The vivacious young adults of Sherwi Yondhen Tshokpa (a local Sherpa students’ group) offered to serve as the leaders of these day-long and into the evening events, and did an outstanding job. Sponsors included Everest summiteer and eco-tourism leader Dawa Steven Sherpa and his Nepali non-profit group iDEAS, Ang Tshering Sherpa and his company Asian Trekking, the Worldwide Fund for Nature/WWF-Nepal, the International Centre for Integrated Mountain Development (ICIMOD), and The North Face.
I accompanied a group of national and international media representatives and leaders from WWF-Nepal from Kathmandu to the events courtesy of Network member Ang Tshering Sherpa and Asian Trekking.
Highlighting What Can Be Lost and How to Preserve It
The Imja Tsho Action Run, also called the “Beat-the-GLOF-Action-Run”, was enthusiastically attended by over 1,500 people. It sharply focused attention on the imminent threats of swift, widespread destruction of Himalayan landscapes, lives, livelihoods, arable soil, biodiversity, and cultural resources from spontaneous and catastrophic glacial lake outburst floods (GLOFs) caused by melting glaciers.
In this exciting new event, almost 140 young men and women, some wearing traditional Sherpa outfits, ran as fast as they could to Khumjung, starting in the early morning from one of the region’s most dangerous glacial lakes, Imja Tsho (Imja Lake) near Island Peak, a popular training climb for Mt. Everest. The 35km (21.75 miles) route took the contestants along the potential path of a GLOF that scientists say could break out at any moment from Imja Lake.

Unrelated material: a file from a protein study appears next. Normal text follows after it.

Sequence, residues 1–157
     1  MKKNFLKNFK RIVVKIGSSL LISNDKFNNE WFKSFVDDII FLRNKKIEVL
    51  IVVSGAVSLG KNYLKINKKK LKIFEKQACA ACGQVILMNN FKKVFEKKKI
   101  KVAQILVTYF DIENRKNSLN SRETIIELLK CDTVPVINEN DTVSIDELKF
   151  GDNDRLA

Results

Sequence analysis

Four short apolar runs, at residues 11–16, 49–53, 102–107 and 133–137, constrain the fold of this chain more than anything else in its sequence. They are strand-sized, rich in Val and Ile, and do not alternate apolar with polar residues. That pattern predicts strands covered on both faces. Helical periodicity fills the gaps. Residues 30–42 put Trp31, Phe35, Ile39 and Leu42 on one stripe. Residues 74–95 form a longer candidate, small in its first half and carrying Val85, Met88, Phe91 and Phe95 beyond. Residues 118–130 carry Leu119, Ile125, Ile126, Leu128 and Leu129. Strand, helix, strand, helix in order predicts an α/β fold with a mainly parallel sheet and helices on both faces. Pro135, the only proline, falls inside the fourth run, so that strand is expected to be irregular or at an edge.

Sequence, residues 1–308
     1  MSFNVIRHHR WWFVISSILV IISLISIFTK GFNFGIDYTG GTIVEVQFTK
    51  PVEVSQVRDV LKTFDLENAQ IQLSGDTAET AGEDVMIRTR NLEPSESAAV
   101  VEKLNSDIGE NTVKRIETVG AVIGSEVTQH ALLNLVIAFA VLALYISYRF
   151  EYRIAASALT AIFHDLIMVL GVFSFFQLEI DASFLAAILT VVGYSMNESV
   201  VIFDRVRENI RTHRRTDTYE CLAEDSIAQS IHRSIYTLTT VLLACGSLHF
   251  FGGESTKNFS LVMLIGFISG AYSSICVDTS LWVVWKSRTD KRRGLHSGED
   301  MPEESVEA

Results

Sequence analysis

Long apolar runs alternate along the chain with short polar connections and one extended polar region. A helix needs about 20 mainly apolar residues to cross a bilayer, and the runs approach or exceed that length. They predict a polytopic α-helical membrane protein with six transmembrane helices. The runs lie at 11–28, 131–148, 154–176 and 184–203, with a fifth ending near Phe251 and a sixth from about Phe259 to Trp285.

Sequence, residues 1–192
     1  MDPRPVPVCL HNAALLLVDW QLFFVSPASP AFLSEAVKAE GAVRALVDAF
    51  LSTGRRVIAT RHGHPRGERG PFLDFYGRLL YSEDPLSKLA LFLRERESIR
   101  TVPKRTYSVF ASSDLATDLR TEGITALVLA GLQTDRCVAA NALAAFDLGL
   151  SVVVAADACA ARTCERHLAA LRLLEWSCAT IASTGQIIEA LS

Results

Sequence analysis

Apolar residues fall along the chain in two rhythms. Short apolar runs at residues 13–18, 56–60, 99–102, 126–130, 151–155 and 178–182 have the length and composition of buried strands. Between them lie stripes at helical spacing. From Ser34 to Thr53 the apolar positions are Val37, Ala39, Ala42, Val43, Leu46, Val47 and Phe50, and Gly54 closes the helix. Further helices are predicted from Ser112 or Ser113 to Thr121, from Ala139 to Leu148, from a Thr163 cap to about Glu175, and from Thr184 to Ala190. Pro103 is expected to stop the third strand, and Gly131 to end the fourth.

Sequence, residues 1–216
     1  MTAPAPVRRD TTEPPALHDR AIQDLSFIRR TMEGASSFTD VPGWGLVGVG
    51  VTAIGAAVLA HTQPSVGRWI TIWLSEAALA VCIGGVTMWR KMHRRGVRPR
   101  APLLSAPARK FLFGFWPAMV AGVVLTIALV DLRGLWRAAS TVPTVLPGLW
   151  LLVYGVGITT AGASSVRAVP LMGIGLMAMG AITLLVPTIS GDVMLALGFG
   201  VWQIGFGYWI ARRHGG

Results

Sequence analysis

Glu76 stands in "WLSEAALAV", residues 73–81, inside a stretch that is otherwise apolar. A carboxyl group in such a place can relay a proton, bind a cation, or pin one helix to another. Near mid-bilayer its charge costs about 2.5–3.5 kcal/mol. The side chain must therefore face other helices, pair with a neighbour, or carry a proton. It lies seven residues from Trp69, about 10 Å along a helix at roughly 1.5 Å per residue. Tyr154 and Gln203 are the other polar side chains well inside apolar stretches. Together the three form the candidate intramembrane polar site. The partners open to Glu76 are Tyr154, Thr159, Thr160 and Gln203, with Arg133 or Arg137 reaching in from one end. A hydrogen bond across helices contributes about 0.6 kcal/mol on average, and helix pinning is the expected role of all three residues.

As the contestants dashed across the finish line in Khumjung, all at the event clearly understood that even the fastest runners (3 hours and 15 minutes from Imja Lake to Khumjung) that day could never have outrun a GLOF if they were in its path. The event also emphasized the fact that although mountain people of the world contribute very little to global warming, they must not only respond to huge dangers they face because of it, but also find ways to inspire the rest of the world to act quickly to reduce the output of greenhouse gases to prevent further destruction. The event also inspired a lot of thought and consideration about how feasible it might be to carefully drain dangerous glacial lakes. Our hope is that there might be hydrologists or engineers somewhere in the world who could lend their expertise to addressing this dangerous and destructive problem of glacial lake outbursts.
Communicating the Continual Need for Collaboration, Support and Solutions